The extent to which partners along various supply chains can take advantage of EFM varies according to their level of technological sophistication. Small- and medium-sized enterprises (SME) with rudimentary computing access (for example, those companies with little more than personal computing platforms and browser access to the World Wide Web) should be able to use EFM.

Photograph of many stacks of cargo at air cargo consolidation center at Chicago O'Hare Airport.
Air Cargo consolidation center at Chicago O'Hare Airport.

EFM also offers opportunities for multiple adaptations within a given supply chain. For large companies with sophisticated installations, the degree to which labor savings are realized may be less. However, as larger companies are more likely to do business with many supply chain partners, and do so in broad geographical relationships, other EFM benefits should be realized (for example, increased visibility into and across transactions, diminished dependencies on external entities for status notifications).

Finally, the EFM value proposition is bolstered in a less tangible way through the promotion and adoption of standards. One of the hurdles to increasing collaboration among nonintegrated partners in the global supply chain community is the lack of agreed-on standards. The global supply chain community will benefit from standards that are fully accepted across all industries, geographic areas, and organizations that are stakeholders in supply chains. Outside the EFM initiative, there is a nexus of activity to develop and promote such global standards. Therefore, the EFM approach is to contribute to the developmental effort and also to demonstrate, through the aforementioned demonstration test, the advantage of a truly harmonized data element and messaging standard.

EFM Technology Approach

As previously discussed, freight supply chain partners are likely to have a broad mix of technology infrastructures and application platforms that are usually incompatible and unable to share data. To help solve this problem, EFM will use an SOA that includes Web services and data standards to enable partners to seamlessly and dynamically exchange needed information. SOA comprises standard IT components that are used successfully in a variety of industries. In addition, SOA offers uniform access to existing, customized database formats, computing platform independence, and customizable services. Scalable Web services also could be run in-house or outsourced to a value-added network (for larger-sized companies) and can provide SMEs the electronic interoperability they may need to grow.

The openness of Web services lends itself to the constantly changing business environments of supply chain transactions. By deploying Web services in a SOA environment, supply chain partners can automate daily business interactions and streamline business processes. Web services are not hardwired connections, thus allowing supply chain partners to implement a robust business service environment. SOA environments also provide businesses with an infrastructure that will be the building blocks for the development and integration of multiple supply chain applications. This feature will allow supply chain partners to react to dynamic business conditions and relationships and not experience a break in interaction. Even diverse technology assets can communicate with one another in an SOA environment. Furthermore, Web services can be implemented incrementally and can leverage existing information technology (IT) assets to attain both flexibility for a quick build of new applications and reusability of technology investments. These applications work together to allow information to flow up and down a specified supply chain, providing not only visibility of goods (either in transit or in stock) but also timely communications and proactive notification of the status of exceptions.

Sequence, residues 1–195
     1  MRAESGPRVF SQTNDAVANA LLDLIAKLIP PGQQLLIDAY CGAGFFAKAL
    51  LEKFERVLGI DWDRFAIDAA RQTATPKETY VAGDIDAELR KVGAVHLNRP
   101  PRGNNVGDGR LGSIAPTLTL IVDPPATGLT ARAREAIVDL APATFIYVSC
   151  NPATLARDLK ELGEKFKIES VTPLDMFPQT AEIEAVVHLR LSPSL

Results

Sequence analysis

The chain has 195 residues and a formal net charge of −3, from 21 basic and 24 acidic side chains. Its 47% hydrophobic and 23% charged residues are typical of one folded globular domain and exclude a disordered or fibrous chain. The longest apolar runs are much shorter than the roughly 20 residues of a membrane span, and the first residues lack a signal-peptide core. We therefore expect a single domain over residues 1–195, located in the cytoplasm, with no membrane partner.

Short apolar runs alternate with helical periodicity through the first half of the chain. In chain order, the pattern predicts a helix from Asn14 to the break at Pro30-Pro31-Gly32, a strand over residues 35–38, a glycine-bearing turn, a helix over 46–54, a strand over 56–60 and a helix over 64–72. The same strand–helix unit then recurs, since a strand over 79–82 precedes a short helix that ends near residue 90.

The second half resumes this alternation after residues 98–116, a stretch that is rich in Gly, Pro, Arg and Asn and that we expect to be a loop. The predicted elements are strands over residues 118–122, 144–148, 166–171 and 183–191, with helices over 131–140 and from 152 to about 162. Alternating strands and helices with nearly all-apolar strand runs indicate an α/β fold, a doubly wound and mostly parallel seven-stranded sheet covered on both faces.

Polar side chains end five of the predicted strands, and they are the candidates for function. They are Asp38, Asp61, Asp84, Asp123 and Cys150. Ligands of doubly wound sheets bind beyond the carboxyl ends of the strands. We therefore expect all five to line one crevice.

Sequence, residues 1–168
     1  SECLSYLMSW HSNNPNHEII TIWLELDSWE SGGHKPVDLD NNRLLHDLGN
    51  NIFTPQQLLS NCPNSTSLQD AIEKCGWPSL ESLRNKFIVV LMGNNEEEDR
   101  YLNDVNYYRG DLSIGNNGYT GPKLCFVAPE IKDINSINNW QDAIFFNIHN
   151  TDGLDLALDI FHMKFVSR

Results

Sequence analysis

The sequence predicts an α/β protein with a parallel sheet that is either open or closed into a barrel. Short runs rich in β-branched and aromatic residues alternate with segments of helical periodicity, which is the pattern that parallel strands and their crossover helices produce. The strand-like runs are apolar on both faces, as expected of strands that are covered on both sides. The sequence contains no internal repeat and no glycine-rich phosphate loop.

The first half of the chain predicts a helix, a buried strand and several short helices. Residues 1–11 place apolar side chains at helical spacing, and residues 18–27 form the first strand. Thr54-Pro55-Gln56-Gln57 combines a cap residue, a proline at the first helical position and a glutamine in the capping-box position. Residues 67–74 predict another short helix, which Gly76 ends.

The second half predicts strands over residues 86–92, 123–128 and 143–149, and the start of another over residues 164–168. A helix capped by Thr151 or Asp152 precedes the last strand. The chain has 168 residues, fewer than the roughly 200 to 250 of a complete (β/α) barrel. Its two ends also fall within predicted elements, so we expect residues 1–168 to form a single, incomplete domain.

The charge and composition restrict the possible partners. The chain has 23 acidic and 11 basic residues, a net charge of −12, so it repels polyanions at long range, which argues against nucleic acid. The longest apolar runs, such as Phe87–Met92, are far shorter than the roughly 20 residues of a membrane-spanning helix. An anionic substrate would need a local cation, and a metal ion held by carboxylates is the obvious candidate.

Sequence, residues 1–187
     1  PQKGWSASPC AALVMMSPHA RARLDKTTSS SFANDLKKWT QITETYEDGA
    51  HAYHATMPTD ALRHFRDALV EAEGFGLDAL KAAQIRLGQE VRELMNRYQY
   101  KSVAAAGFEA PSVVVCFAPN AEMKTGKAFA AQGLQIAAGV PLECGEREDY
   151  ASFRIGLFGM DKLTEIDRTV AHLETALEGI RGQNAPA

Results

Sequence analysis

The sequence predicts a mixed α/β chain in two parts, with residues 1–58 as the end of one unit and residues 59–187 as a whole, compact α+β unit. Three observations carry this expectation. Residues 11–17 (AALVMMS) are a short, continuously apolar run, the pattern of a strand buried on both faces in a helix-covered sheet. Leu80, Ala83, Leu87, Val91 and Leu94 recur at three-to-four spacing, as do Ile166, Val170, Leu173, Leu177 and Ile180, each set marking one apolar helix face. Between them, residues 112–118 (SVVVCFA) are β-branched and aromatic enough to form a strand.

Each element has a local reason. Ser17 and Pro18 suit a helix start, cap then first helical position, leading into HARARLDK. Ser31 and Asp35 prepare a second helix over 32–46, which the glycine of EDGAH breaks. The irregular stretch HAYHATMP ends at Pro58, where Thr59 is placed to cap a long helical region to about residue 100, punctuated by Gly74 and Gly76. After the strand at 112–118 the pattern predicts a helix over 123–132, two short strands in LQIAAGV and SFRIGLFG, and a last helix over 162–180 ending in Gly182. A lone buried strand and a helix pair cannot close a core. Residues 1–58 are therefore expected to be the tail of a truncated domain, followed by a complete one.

Benefits and Impacts of a Service-Oriented Architecture:

  • Implementation of IT as a business process rather than a traditional stovepipe application
  • Reusability of IT assets
  • Faster delivery cycles
  • Openness and vendor independence
  • Reduction in total cost of ownership (TCO)
  • Faster decision cycles
  • Development using open technology standards, such as those from the World Wide Web Consortium (W3C) and OASIS
  • Easier interoperability with other systems or trading partners because of SOA loose coupling
  • Prevention of system change as a constraint on business change
  • Greater enterprise agility and responsiveness to business needs
  • Lower maintenance costs as a result of fewer "instances" of a function and fewer software licenses
  • Ability to invoke a service over the web without knowing or caring where the service is physically hosted

Source: Booz Allen Hamilton, 2005.

Technical benefits of SOA implementation:

  • 40–50-percent reduction in the number of interfaces required
  • 25–50-percent reduction in interface development costs
  • 50–75-percent reduction in interface maintenance costs
  • 50-percent reduction in costs associated with changes to customized displays
  • 30-percent reduction in cost of changing underlying applications
  • 33–50-percent savings through reduction of application instances due to removal of redundant instances across different business units

Source: Butler Group: “SOA Gathers Pace in Enterprise Space,” June 2005.

Figure 1 shows the Publish-Subscribe-Discover model that is at the core of SOA. Other important features of SOA technology include:

  • Reusable technology and information that streamline operations